Rare Earth Element Conundrum
Optics industry depends on rare-earth elements.
China lifted its export restrictions on the 17 rare-earth elements (REE) in January. Now, five years after China’s 2010 restrictive action caused a rapid rise in REE prices, followed by a rapid decline, the high-tech industry that depends on these raw materials for such things as cellphone batteries, LCDs, catalytic converters, and permanent magnets is going through another stage of innovation and adaptation.
The industry is again in a state of flux as electronics manufacturers search for new mining and refining technologies, economical recycling options, and substitute materials that have the same or similar magnetic, luminescent, and electrochemical properties.
Rare-earth elements are metals (see list below) used primarily by manufacturers in China, Japan, and the United States. They are crucial ingredients for advanced military equipment such as night-vision goggles; offshore wind turbines, hybrid cars, and other green machines; as well as cigarette lighters, X-ray screens, and some industrial lasers. Lanthanum-containing glass is used in nearly every optical design for consumer and high-end optical systems, and the preferred polishing compound for precision optics uses cerium oxide.
REEs are so important because they help make products perform with reduced weight, emissions, and energy consumption and/or provide greater durability, efficiency, speed, and thermal stability.
In 2010, China had a near monopoly in the global rare-earth industry, supplying 97% of the world’s rare-earth elements. China could mine and process rare earths at low cost with its cheap land, energy, and labor. In addition, the country’s limited environmental protection requirements undercut other mining and refining operations around the world.
Then the unthinkable happened. The Chinese Ministry of Commerce announced its decision to reduce China’s global rare-earth exports by 40%. Prices quickly quadrupled.
And then the world adjusted. As they say, the best cure for high prices is high prices. Free markets have generally managed to adapt when faced with shortages of critical materials.
Today, the Chinese share of the REE industry has dropped to 70%, and prices are in decline because innovation and adaptation by those facing shortages and high prices have:
- Encouraged development of REE mining in other parts of the world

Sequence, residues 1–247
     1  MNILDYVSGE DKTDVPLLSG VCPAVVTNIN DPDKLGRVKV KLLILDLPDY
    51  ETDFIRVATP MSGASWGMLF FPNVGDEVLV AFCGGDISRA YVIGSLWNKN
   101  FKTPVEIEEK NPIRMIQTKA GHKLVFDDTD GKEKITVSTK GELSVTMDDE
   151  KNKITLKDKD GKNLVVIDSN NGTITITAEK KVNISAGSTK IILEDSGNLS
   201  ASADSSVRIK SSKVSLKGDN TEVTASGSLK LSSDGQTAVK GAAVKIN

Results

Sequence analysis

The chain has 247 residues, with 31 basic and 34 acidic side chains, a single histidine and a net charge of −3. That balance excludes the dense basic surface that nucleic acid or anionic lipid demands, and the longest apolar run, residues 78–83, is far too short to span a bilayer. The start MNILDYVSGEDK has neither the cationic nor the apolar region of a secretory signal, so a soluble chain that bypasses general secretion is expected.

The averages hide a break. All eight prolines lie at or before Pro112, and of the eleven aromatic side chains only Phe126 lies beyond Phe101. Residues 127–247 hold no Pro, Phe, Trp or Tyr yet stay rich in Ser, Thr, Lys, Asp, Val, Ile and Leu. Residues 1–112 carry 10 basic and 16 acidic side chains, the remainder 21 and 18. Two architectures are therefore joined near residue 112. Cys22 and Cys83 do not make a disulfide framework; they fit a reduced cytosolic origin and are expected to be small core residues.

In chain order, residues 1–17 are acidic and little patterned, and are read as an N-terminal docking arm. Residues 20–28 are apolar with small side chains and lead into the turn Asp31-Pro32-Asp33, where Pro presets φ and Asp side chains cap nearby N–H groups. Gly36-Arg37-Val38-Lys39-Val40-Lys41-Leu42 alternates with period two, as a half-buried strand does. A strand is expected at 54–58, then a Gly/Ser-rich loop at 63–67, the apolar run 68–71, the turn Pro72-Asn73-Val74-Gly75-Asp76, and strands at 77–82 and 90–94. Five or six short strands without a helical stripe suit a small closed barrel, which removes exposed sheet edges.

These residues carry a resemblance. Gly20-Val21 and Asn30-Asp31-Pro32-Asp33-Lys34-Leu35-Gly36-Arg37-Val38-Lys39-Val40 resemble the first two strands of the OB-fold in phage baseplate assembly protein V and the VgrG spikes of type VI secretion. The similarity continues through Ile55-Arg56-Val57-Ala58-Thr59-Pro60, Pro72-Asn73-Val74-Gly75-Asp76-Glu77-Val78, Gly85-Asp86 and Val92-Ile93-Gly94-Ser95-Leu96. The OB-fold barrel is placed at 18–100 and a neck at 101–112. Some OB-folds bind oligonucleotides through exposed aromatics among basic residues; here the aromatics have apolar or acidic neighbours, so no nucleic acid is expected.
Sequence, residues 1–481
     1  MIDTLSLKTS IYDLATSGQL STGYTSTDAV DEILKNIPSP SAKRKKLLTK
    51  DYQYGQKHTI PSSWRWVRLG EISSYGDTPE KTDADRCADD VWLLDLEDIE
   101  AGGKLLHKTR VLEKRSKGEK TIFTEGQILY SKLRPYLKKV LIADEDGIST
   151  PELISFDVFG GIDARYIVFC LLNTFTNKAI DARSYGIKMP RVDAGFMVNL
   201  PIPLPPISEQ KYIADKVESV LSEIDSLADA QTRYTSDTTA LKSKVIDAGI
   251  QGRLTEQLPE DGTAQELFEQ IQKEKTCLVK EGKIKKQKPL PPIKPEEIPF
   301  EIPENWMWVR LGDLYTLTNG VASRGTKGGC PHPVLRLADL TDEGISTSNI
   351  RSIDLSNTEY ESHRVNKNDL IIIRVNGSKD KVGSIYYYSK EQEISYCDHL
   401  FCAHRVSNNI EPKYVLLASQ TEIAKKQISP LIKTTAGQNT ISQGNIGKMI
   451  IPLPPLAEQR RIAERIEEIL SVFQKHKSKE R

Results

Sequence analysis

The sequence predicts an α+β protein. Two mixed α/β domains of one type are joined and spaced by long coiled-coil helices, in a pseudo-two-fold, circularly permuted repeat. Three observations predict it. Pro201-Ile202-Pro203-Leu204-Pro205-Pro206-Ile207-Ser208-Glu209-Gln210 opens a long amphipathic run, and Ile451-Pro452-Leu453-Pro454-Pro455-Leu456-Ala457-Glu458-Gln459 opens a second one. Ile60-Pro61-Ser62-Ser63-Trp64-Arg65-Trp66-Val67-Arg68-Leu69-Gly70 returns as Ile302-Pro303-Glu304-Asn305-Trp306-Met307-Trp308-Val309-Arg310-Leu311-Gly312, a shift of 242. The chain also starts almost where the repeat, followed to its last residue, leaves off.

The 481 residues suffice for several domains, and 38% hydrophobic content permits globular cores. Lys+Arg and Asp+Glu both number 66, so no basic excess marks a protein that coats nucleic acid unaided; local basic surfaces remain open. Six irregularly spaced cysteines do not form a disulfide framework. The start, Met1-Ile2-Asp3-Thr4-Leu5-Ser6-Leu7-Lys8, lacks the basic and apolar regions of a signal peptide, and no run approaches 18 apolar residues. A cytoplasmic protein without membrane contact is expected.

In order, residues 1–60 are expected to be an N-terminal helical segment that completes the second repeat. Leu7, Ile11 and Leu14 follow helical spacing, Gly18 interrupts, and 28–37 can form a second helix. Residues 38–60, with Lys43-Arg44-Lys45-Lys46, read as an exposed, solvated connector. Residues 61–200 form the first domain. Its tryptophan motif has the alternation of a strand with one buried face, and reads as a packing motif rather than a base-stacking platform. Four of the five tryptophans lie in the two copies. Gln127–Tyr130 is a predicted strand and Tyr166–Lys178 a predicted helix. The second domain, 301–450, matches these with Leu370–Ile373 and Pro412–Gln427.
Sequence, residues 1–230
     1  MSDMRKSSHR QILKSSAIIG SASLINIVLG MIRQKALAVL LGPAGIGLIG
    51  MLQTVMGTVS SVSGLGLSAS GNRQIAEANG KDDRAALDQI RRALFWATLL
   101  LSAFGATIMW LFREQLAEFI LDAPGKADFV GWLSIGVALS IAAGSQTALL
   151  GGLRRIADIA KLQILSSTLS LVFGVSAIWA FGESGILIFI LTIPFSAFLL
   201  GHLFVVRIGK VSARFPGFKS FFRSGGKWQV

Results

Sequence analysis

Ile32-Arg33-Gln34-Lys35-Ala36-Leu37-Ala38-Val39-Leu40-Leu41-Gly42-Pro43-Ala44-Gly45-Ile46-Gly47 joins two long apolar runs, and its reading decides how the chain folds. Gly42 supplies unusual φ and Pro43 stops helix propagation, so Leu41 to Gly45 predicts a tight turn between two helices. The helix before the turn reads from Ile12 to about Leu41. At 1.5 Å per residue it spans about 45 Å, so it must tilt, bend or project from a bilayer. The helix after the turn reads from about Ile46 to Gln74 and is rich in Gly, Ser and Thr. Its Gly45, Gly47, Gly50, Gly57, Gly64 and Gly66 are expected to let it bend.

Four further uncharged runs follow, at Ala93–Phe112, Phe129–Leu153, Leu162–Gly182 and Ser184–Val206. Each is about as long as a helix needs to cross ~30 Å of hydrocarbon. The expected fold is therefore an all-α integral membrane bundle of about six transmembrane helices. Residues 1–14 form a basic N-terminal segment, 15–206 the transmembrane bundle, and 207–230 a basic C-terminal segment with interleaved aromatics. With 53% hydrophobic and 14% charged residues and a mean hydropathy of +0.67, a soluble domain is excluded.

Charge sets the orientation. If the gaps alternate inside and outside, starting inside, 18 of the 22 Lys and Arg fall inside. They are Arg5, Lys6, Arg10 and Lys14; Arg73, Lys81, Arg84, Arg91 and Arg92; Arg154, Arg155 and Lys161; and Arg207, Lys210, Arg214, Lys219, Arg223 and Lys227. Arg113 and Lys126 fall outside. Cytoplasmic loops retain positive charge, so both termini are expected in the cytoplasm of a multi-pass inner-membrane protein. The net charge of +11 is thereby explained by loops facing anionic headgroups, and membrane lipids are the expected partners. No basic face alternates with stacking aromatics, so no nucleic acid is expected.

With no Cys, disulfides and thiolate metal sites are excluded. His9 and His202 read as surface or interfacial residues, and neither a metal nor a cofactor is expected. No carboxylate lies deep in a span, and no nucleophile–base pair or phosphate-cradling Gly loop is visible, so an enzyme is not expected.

- Promoted the use of less REE in products
- Supported recycling efforts
- Advanced research in substitute materials
- Facilitated the design of components and systems for easy materials reuse and recycling
Though China still dominates the REE mining industry, other countries including India, Malaysia, Russia, Vietnam, USA, Australia, and Brazil also mine rare-earth elements.
After 2010, the need for a rare-earth supply chain independent of China forced the USA, Canada, Malaysia, and even Greenland to look at their REE assets. Japan vowed to reduce its dependence on Chinese REEs by 60% within four years.
The success at adapting resulted in a decline in REE prices. However, with a 47% price drop in 2014 alone, these rest-of-world mining operations have taken a huge hit. The US company Molycorp, for instance, reopened REE mining and refining operations in California in 2010 with great excitement. As of the fourth quarter 2014, though, the company has been shipping product at revenue of $29/kg but at a cost of $33/kg.
The steep REE price decline hurts mining in China as well. Today, the environmental crackdown on REE mining and refining operations by the Chinese government has increased that country’s production costs.
Once prices stabilize, only time will tell how the world material-supply balance for REE will sort itself out. New sources are being considered, ranging from mining the REE-rich seabeds off the coast of Japan to mining rare-earth elements on the moon.
Because of the dispersed nature of these elements in the environment, the number of steps needed to refine them is enormous and complex. To make the REE refining process more sustainable and cost effective, researchers have looked into alternatives.
The most intriguing is the use of fish sperm or milt, a waste product in Japan. The challenge, however, is in the quantities of milt necessary for processing tons of material.
Another technology in development is electrophoresis. This is a well-known technology in the biology field. It separates biological materials based on size and charge. Both these processes still require the use of large volumes of acid to dissolve the REE in water to start the extraction process, an environmental challenge.
A recent patent awarded to a magnet-producing company Zylon (Japan) claims an alternative to acid leaching. Ammonium sulfate or cake alum can be used to solubilize the REE. Typical uses for ammonium sulfate are as a treatment for drinking and wastewater, a bulk nitrogen fertilizer, and a pH-control additive for soil conditioning. It is available at scales that can support refining and recycling operations.